Mortgage brokers would be expressly prohibited from compensating, coercing or intimidating real estate appraisers to obtain inflated appraisals under legislation proposed by the Colorado attorney general.
The legislation, targeted at mortgage fraud, would also prohibit appraisers from knowingly submitting a false home valuation, and subject violators to misdemeanor criminal prosecution for a first offense and felony charges for those with prior convictions.
Attorney General John Suthers said in a press release that two state representatives — one a Republican, one a Democrat — will sponsor the legislation this session. The bill would also give the state’s Division of Real Estate the authority to revoke or deny the registration of mortgage brokers who have been prohibited by any court from engaging in deceptive conduct relating to brokering a mortgage loan.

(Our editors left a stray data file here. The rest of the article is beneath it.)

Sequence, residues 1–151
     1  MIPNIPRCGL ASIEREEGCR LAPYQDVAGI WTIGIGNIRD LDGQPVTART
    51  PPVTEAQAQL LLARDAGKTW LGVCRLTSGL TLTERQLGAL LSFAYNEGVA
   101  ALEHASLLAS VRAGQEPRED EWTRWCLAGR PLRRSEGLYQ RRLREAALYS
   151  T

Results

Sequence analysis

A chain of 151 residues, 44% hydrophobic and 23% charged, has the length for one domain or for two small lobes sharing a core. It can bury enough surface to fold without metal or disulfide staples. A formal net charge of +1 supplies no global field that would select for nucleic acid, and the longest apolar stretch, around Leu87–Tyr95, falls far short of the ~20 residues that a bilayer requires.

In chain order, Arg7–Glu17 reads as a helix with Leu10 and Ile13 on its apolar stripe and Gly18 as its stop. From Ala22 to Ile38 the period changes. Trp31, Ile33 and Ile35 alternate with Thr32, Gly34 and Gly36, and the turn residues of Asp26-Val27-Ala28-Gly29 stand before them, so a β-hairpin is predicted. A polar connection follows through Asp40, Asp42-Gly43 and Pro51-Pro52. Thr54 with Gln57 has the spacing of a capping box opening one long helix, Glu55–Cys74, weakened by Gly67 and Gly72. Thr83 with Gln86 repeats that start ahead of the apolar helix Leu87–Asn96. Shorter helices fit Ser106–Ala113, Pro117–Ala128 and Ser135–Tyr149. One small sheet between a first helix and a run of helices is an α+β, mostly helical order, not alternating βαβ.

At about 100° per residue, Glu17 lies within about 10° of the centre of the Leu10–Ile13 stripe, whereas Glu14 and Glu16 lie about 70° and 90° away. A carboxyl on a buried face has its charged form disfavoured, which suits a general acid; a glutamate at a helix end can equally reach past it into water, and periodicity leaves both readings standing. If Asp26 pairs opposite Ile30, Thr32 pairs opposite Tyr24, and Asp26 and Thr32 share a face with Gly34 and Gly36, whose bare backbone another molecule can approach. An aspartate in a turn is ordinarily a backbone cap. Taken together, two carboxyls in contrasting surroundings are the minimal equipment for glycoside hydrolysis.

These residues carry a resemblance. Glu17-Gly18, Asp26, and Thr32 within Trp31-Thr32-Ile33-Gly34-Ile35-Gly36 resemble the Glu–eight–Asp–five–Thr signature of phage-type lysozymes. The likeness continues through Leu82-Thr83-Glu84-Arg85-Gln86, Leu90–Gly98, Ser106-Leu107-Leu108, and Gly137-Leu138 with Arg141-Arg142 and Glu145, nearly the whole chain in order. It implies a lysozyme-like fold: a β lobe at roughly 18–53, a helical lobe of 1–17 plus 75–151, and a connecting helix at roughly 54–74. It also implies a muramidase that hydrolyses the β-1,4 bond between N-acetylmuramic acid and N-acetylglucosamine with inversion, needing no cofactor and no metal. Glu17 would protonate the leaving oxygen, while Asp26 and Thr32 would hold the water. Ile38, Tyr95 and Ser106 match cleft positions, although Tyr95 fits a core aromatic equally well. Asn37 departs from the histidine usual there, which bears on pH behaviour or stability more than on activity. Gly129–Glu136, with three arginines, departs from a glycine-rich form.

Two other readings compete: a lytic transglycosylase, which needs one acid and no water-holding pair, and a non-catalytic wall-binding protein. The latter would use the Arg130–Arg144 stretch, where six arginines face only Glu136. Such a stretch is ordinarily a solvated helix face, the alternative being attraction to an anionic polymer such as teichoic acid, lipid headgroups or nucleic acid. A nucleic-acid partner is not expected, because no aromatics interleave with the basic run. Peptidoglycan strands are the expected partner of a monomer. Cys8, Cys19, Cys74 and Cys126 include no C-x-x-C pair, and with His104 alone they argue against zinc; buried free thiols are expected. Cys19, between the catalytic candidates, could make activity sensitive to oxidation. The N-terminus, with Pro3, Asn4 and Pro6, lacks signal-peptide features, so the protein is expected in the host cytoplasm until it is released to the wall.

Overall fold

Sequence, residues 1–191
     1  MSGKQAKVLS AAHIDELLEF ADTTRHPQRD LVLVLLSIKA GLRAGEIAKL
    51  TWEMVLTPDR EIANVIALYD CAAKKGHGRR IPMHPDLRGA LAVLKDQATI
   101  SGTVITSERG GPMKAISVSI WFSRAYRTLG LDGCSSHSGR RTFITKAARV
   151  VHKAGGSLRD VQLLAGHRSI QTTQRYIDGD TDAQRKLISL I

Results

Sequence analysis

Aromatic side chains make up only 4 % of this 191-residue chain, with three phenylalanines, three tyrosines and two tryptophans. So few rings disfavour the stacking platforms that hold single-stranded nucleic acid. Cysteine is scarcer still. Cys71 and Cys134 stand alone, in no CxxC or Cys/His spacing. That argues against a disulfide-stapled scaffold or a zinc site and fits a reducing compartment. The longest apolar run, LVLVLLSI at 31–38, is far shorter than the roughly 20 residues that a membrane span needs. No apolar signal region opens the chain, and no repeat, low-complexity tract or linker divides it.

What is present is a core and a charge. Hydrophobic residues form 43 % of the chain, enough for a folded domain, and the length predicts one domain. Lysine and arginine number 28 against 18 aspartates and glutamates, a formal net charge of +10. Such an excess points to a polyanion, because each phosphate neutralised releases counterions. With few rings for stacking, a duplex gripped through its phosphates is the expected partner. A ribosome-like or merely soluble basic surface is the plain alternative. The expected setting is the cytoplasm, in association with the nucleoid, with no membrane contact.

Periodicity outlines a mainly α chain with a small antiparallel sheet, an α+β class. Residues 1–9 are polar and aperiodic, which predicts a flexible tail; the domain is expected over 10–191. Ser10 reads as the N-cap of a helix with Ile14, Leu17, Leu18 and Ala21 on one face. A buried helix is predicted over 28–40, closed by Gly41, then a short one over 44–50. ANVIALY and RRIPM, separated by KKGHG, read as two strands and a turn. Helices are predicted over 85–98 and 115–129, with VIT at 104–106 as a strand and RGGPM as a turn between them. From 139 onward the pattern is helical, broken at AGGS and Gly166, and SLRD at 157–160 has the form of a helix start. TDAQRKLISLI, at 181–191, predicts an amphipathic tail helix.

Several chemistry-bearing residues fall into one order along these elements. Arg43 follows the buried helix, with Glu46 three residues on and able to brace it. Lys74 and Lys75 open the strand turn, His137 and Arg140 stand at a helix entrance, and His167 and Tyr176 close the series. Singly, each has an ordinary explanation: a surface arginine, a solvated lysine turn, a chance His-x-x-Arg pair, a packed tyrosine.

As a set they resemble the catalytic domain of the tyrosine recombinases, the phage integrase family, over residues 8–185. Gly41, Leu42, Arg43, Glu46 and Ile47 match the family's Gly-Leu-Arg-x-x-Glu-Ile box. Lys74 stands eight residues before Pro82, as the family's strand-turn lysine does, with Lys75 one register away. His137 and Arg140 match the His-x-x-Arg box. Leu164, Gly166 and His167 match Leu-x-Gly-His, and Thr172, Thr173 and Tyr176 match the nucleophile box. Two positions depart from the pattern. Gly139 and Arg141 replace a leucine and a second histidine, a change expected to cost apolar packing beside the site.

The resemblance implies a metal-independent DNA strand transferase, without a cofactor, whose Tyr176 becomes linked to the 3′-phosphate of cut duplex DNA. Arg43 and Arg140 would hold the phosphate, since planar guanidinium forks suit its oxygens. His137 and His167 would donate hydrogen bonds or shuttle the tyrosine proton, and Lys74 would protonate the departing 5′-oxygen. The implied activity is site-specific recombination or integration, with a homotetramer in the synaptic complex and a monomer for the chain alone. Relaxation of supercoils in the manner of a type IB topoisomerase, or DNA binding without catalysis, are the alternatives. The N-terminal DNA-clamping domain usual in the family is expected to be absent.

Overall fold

According to RealtyTrac, Colorado had the highest foreclosure rate in the nation for eight months in 2006, before Nevada surpassed it in November. One of every 362 homes in Colorado was in default, in the process of trustee sale, or real estate owned in November, RealtyTrac reported.
In May 2006, Colorado enacted stiffer penalties for those convicted of mortgage fraud and provided consumer protections for families facing foreclosure. The Colorado Foreclosure Protection Act requires that all transactions between homeowners and foreclosure consultants or equity purchasers be in writing, prohibits consultants who provide advice or assistance from acquiring any interest in the homeowner’s property, and calls for a three-day “cooling off” period.